How to Jump a Car Battery

battery jumper cables

Is the Battery the Real Problem?

Before going through the steps and figuring out everything about how to jump a car battery, you have to determine whether the battery is even the real culprit. For that purpose, the easiest step to take is to turn on the headlights. If they are dim, then your battery’s output is not enough to power them, so the battery is most likely the problem. If they are bright, then you might want to check the connection between your battery’s terminals and your car’s electrical system. Another measure is to turn on the ignition and see if the dash lights up. If it does, and the stereo starts as well, then it means your battery still has some juice left. If your dashboard doesn’t turn on and your headlights are working, then the problem might be with the ignition switch or a relay.

Advance Auto Parts stores offer free battery testing and installation*.

battery maintainer graphic

Safety Recommendations for Jumping Your Car

Once you determine that the battery is the problem, the question of how to jump a car battery will become highly important. Before you get started, however, you have to consider a few basic safety tips.

  • First, make sure the parking brakes are on. The second car should be parked as close as possible to your car, but without touching it. This is essential for safety, since otherwise trying to jump your car can cause a dangerous electrical arc.
  • Next, put on safety goggles and inspect both batteries for cracks, corrosion and leaks. If you find any, those problems will need tending to, and jump starting your car may no longer be safe.

How to Connect the Jumper Cables

If everything seems to be in order and there are no other problems, it’s time to connect the jumper cables and turn on the second vehicle. Make sure you get gauge six jumper cables and keep their length below 10-20 feet. Any longer and the cables will provide too much resistance; the battery may not be able to deliver current effectively.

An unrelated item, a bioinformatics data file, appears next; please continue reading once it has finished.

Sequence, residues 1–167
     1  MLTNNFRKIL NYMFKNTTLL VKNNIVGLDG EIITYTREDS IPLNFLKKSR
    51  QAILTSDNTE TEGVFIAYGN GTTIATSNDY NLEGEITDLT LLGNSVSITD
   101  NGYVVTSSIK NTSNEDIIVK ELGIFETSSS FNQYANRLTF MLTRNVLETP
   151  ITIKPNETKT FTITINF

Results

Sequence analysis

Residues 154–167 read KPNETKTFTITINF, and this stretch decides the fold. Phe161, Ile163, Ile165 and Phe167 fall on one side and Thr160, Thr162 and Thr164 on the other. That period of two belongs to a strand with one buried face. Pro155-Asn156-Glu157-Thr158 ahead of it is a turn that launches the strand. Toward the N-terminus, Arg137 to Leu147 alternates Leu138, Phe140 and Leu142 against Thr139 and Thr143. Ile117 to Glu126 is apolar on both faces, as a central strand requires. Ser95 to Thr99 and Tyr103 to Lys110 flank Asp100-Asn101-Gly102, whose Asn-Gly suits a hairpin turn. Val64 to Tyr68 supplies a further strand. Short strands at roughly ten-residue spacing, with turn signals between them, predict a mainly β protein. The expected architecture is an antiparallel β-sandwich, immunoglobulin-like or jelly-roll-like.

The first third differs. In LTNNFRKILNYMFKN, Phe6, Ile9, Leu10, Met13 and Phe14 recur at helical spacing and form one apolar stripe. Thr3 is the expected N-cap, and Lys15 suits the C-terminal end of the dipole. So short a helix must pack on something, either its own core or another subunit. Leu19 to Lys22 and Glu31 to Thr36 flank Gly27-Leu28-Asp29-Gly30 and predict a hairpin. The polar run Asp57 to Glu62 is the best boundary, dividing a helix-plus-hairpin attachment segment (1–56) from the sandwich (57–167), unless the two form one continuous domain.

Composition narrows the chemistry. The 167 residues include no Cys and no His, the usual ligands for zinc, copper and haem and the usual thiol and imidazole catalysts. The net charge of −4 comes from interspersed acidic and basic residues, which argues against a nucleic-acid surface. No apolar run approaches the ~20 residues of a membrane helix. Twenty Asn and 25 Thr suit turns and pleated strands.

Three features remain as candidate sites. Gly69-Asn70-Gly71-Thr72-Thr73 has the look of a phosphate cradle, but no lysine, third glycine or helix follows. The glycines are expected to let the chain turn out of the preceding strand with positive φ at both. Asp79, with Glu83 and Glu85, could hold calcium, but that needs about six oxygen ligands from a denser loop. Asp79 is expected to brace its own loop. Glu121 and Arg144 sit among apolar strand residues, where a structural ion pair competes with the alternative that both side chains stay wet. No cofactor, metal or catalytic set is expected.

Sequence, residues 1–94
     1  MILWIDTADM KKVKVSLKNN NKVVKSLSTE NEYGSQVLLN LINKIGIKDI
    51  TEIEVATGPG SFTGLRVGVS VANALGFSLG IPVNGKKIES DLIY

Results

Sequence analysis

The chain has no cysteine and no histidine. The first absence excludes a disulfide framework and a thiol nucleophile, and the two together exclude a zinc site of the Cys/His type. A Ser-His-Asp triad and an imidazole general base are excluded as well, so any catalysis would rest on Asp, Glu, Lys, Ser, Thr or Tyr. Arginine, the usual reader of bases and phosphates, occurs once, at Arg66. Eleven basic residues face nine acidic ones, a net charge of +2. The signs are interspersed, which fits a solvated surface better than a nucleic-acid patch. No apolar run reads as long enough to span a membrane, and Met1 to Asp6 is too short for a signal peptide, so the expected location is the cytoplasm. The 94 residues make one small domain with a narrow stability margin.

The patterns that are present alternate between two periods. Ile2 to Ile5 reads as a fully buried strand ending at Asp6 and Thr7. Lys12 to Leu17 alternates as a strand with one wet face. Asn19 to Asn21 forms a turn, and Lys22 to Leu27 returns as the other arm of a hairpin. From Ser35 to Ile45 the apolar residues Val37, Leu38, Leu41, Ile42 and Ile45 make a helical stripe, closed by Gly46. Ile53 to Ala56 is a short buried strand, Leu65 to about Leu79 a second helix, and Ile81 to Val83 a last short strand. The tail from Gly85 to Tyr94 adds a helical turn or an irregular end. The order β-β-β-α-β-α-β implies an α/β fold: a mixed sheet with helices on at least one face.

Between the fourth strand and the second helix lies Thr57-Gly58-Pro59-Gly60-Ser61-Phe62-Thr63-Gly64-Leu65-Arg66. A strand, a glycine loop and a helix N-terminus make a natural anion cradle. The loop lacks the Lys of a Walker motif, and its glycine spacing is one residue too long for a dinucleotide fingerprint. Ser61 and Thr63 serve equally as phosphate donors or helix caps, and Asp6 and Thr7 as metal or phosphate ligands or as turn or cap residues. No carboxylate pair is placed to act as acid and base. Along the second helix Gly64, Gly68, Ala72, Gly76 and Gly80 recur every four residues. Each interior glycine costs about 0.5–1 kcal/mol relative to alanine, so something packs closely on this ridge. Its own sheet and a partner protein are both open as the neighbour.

• Remove any protective covers from the positive terminals of the two batteries, then connect the red cable to the positive terminals of each battery.
  • The black cable should be connected only to the negative terminal of the working battery.
  • The second clamp then has to be fastened onto a piece of grounded metal on your disabled car. The frame, radiator mount or a bracket on the engine should provide a good ground.

Take a look at some popular battery accessories

The Jump Start Process

After connecting the cables, start the working car and wait a few minutes – or longer, if your battery has been dead for a while. Next, try starting the disabled car, and if it doesn’t work, let the battery charge for another minute or two before trying again. Revving the engine may also help. Once your car is running, you can disconnect the cables starting with the black negative jumper cable. Finally, take a short drive, allowing your battery to charge for a while.

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What If Jump Starting Your Car Fails?

Failure could occur for a number of reasons. Your battery may be completely dead or corroded. Other components such as fuses, the ignition switch, or the alternator might also be the culprit. It is essential to check and double check all these parts along with the starter connection in order to assess the problem. If everything seems to be fine but your battery simply won’t charge, then you will have to replace your car battery. Fortunately, that won’t always be the case, and learning how to jump a car battery will come in handy in most instances.

Find an Advance Auto Parts store close to you.

*Car battery testing and installation available on most automotive vehicles, at most locations, unless prohibited by law.

Last updated March 22, 2021